A “bear market” is traditionally defined as a peak-to-trough decline in value of -20% or more. Based on that definition, the only way you can tell that a bear market exists, is after it has already happened.
At this date, most of the major US equity indexes have not dropped by the arbitrary -20% measure that traditionally defines a bear market. Through Friday’s close, the S&P 500 was off about-12% from its high, which would be 8% short of the “bear market” threshold.
Here is something to think about. Since most markets have not yet dropped by -20%, then does that mean that we are NOT in a “bear market?”
Bear markets have five primary characteristics:
- The changes in pricing will typically form a downward stair step pattern of lower lows (in price) followed by lower highs
- The price volatility will be high or increasing.
- Price will break below its 200-day moving average.
- Enough time should pass to allow investors to experience a significant change in their beliefs regarding price. Most investors will become emotional and will believe that prices will continue to drop much lower.
- The markets’ direction will become very counterintuitive. In other words, the value is likely to rebound when investors are the most pessimistic. When investors begin to regain hope, following a short-term rebound, then the markets are likely to turn back down again.
I can remember back in March of 2020. One news anchor stated something along the lines of this: “If the market falls another one quarter of a percent, we will officially be in a bear market.” In other words, once the S&P 500 blew past the -20% marker, did that mean that we were in a conventional wisdom “bear market?” The answer is “no.” The markets became highly inefficient because emotional short-term sellers swamped buyers. The many sellers caused a very sharp decline. We call such an action a “trading anomaly.” There were no buyers to purchase the wave of emotional sellers. The net result was that the madness of crowds came face to face with the law of supply and demand. The pandemic caused a knee-jerk emotional reaction from investors, which we call a “trading anomaly.” On the other hand, bear markets last longer and can take months or even years to resolve themselves.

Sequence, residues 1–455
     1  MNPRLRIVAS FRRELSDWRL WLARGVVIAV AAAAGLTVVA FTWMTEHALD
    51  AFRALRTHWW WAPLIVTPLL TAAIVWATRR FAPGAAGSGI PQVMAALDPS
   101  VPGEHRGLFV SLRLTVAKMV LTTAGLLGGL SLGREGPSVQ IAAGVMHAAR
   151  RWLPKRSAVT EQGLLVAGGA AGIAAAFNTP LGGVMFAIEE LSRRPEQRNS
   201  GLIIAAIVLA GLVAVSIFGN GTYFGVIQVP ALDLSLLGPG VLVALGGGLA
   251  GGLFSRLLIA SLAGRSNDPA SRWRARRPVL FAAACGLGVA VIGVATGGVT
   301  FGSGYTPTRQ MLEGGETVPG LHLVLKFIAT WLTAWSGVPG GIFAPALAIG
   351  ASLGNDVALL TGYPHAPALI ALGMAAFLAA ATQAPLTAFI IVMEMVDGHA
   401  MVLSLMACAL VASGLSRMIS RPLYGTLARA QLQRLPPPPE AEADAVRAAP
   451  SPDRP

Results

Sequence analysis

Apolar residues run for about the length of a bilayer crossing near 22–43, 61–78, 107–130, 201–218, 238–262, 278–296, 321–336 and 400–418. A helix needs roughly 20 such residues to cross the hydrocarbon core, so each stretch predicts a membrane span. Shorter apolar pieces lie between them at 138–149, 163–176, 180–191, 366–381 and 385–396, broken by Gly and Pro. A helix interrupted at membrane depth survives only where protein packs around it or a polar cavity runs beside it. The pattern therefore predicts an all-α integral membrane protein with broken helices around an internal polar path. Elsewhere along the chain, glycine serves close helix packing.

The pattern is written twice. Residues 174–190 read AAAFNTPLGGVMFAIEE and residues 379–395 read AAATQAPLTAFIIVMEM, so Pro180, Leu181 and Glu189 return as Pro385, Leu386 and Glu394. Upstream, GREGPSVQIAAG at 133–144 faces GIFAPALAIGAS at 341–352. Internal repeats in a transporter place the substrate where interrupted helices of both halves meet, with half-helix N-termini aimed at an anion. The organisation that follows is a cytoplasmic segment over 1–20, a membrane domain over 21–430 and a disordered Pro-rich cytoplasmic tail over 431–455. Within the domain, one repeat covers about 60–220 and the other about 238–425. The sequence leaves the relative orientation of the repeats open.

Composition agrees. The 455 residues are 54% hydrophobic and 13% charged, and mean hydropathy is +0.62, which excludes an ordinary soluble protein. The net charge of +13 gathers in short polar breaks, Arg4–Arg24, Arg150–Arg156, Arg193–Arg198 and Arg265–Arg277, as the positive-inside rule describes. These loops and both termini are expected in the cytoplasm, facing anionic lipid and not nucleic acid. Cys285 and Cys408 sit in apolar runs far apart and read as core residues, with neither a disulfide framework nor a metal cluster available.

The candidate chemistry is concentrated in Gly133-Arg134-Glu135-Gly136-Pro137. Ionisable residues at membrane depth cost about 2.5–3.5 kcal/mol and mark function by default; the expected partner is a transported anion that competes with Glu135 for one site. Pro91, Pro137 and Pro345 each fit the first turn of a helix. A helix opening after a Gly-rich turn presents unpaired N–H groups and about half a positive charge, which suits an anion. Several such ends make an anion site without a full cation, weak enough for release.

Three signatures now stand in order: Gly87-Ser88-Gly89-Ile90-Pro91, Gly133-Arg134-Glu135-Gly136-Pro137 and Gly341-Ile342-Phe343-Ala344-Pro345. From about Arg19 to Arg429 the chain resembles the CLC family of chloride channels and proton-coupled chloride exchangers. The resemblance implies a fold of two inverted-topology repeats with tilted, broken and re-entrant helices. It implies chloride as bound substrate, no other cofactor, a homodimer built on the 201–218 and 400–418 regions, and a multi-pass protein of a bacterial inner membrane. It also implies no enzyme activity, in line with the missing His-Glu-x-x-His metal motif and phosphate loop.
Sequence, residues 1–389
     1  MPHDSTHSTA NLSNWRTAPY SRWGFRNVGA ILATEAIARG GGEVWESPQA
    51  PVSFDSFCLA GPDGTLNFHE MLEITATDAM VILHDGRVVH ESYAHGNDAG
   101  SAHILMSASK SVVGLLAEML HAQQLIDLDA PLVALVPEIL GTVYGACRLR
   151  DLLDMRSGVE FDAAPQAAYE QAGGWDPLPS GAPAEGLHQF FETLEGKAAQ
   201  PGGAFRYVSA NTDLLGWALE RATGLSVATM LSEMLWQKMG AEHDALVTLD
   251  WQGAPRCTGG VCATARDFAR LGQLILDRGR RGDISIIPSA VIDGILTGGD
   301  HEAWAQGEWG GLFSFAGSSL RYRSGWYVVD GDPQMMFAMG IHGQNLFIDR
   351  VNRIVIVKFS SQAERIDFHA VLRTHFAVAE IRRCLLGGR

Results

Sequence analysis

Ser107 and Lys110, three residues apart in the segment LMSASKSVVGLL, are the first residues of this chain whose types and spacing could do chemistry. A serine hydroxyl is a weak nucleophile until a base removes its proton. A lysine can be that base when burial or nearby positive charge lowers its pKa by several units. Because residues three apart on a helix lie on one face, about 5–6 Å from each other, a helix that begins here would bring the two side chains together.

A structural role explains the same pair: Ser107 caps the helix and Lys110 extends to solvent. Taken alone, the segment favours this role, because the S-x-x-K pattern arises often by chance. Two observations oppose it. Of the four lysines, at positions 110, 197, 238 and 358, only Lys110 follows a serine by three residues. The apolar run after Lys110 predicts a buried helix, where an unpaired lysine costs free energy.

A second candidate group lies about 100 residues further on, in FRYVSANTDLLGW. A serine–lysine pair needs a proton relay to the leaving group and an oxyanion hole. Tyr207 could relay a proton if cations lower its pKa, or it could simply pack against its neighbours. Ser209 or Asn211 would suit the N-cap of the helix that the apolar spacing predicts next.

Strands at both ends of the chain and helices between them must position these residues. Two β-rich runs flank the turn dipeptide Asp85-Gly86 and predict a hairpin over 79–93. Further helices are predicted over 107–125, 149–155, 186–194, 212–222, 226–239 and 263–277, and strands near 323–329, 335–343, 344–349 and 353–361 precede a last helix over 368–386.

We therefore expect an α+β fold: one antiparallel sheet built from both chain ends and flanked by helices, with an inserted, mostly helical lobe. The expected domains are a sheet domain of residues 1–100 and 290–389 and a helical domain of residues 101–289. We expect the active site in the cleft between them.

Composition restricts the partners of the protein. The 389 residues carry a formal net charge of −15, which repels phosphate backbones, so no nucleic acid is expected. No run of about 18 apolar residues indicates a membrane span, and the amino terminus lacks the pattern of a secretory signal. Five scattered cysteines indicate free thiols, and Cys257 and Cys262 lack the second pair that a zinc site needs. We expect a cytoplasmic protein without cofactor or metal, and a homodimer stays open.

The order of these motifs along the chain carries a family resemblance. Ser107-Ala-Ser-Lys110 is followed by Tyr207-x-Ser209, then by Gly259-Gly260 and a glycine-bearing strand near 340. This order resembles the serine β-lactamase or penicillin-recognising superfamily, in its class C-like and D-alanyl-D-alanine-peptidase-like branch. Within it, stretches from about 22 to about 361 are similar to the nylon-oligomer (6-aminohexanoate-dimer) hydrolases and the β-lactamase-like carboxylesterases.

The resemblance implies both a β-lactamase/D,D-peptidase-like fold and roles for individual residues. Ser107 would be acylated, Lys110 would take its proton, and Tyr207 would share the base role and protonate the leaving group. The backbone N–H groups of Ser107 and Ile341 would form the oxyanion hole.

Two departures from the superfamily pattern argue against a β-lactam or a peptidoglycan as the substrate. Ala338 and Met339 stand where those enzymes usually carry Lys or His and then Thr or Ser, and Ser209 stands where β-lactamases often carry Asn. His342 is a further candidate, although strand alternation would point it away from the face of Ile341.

Bear markets have high volatility which is the result of a breakdown in the normal low or random correlations that typically exist in a diversified portfolio of securities. Instead, securities begin to move together causing a loss in the benefit of diversification which in turn, causes an increase in portfolio volatility. Volatility shows itself in a cluster of “outlier” days, which Canterbury defines as a trading day beyond +/-1.50%.
Next, I will show some examples of typical bear market behavior. Two good examples of bear markets include the technology crash of the early 2000s and the 2008 financial crisis. These two charts can be found below. On each chart, I have labeled the similar characteristics that are shared between them:
- Moving Average Crossover between the 50-day moving average and the 200-day moving average of price. Moving averages often behave as support and resistance. Bull markets will have the opposite characteristic with the shorter-term average above the long-term moving average. The crossing over of the two is sometimes called a “death cross.”
- Series of lower lows and lower highs— You can see that both charts follow a declining stair-step pattern. As stated above, bear markets have many strong short-term rallies. Each rally is followed by a new low which continues the bear market.
- High/increasing volatility— Both charts show increasing volatility prior to the upcoming bear market. You can see this in the case of the 2000 Tech wreck. The market was rising while volatility was already high (above CVI 75). A similar event occurred preceding the financial crisis, in that volatility began increasing (got above CVI 75) prior to a major decline.